1 – Further develop any work begun but unfinished on 17 January
2 – Go to a special place where you can, first, experience quiet and stillness, and then write about it – poetry or prose, c. 300 words
Deeply thankful for the precious gift of Mary Oliver, who died today. This is exactly what we heard, in so many different ways, in our time together this morning.
Love and light, Angela
17 January 2019
Sitting above you, my feet on rock,
My bottom on a thoughtfully placed bench.
I ask you…
And you wash over me.
The sound of your cells colliding,
It is the buzz of connection.
The voice of the world,
All its cells moving together,
You flow over and through me,
We are one.
All at once – bonded together.
Free of separation,
I am one with the world,
As are you.
This tingling dance of life,
Swiftly and easily,
Through my flesh
And hard bones!
How I delight in flowing like you do.
Ever changing – as you are,
With the wind,
The Cumbrian skies.
Different, but in truth the same.
With every visit,
We share contemplation.
You show me with mastery,
The way life is when true essence prevails.
That strengthens my ground.
I am rich,
I am abundant,
I tear myself away.
Letting others sit with your wisdom,
My heart is open,
‘Stay with me?’
I know I’ll be complacent,
Allowing my true essence to fade,
I ‘will’ need your teaching again!
A new car clutch,
We leave the 2CV,
the sun shining.
Through the iron swing gate
we follow the footpath on the map.
A different world from behind,
green dew drenched grass, a winding stream.
A startled heron spreads its wings
lifts in heavy beats.
Bushes filled with blue-black berries
we pick and eat.
A boggy patch, an awkward wooden stile.
We find the place to sit.
The stream flows in both directions.
Why the whirlpools?
Water oozes from the edge of the bank.
Grass and vegetation, a land-drain surely.
Have sandwiches and a drink.
Willow warblers – they’re late
left Stainmore a week ago.
Haverick Pool, Seaweed!
Rising tide from the sea?
Or a fresh water stream.
Time to go
Awkward wooden stile,
blackberries in a sandwich box,
winding stream, sun dried grass,
through the iron swing gate.
Down the dusty slope to the long sweep of
gold sand and the beach café’s garlic gambas
and Pablo’s distinctively rich dark brown
coffee where the chief scent of the morning
is of suncream and warmed skin and quiet
conversation is accompanied by
out-of-control symphonies of wind-blown
wires thrashing the masts of a rainbow of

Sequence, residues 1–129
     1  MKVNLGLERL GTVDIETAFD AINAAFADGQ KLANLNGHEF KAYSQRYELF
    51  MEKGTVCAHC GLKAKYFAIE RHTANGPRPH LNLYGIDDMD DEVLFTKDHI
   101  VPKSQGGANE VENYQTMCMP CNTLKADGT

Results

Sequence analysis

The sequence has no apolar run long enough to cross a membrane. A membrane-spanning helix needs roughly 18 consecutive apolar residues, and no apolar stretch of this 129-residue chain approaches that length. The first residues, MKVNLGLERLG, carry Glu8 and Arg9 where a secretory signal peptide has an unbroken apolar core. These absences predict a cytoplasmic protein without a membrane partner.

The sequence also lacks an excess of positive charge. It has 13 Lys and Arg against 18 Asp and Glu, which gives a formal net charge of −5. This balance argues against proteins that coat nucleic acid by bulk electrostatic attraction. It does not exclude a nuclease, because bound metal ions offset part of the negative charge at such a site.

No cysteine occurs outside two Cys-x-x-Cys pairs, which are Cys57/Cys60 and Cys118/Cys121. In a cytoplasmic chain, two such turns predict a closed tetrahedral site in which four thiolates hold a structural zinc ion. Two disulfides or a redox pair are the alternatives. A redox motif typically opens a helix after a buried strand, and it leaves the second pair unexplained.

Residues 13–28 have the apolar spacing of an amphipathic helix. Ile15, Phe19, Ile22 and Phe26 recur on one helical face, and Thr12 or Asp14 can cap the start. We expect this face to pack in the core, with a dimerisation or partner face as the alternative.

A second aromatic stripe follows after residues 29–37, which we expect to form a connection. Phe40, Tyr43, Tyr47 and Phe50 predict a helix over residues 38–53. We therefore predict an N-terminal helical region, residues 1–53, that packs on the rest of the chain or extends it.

sailboards – and yes – we come here every year
to tell again of the turquoise and the
turtles and shyly aware faithfulness
to-a-fault to these times and to these hot
prawns and coffee like this and even to
the same sun oil and quieting stilling
soothing murmur of the ocean of love
and abiding in hearts and souls that know
one another so well that the shoreline
paddling and the holding hands and the light
and the deep and the sad and the funny
conversation and affectionate and
glad recollection will carry us both –
after our falling into the deepest
of deep sleeps – unto shoreline and sunshine
of our universal eternity
She trudged along the well-worn path her boots sinking in the freshly fallen snow. In the distance, a muffled hum of motorway traffic was the only sound to disturb the hush that accompanies snow, on this foggy January morning.
In the field on her right, Blackface sheep huddled around a feeding trough. They stopped chewing as one, staring at her passing, with defiant challenge, or ovine innocence? She wasn’t sure which. To her left, a small herd of roe deer emerged from the trees.stepping gracefully in single file along the edge of the field. A charm of chaffinches and one lone robin, red breast flashing crimson against the winter white background, darted in and out of hedgerows searching for food amongst the tight, thorny branches.
As she approached the railway bridge her pace quickened, she’d heard the rumble of an approaching train. Just in time, the London to Edinburgh Pendolino express thundered down the trade passing beneath her on its way to the next stop.
Turning to retrace her footsteps, the wind in her face, she halted to take in the view that always took her breath away. Spread out before her lay the bustling market town of Penrith, nestling in the lee of Beacon Hill, the tops of the mighty Pennines a magnificent backdrop. And this is where I now call home, she thought with a smile, before continuing on her way.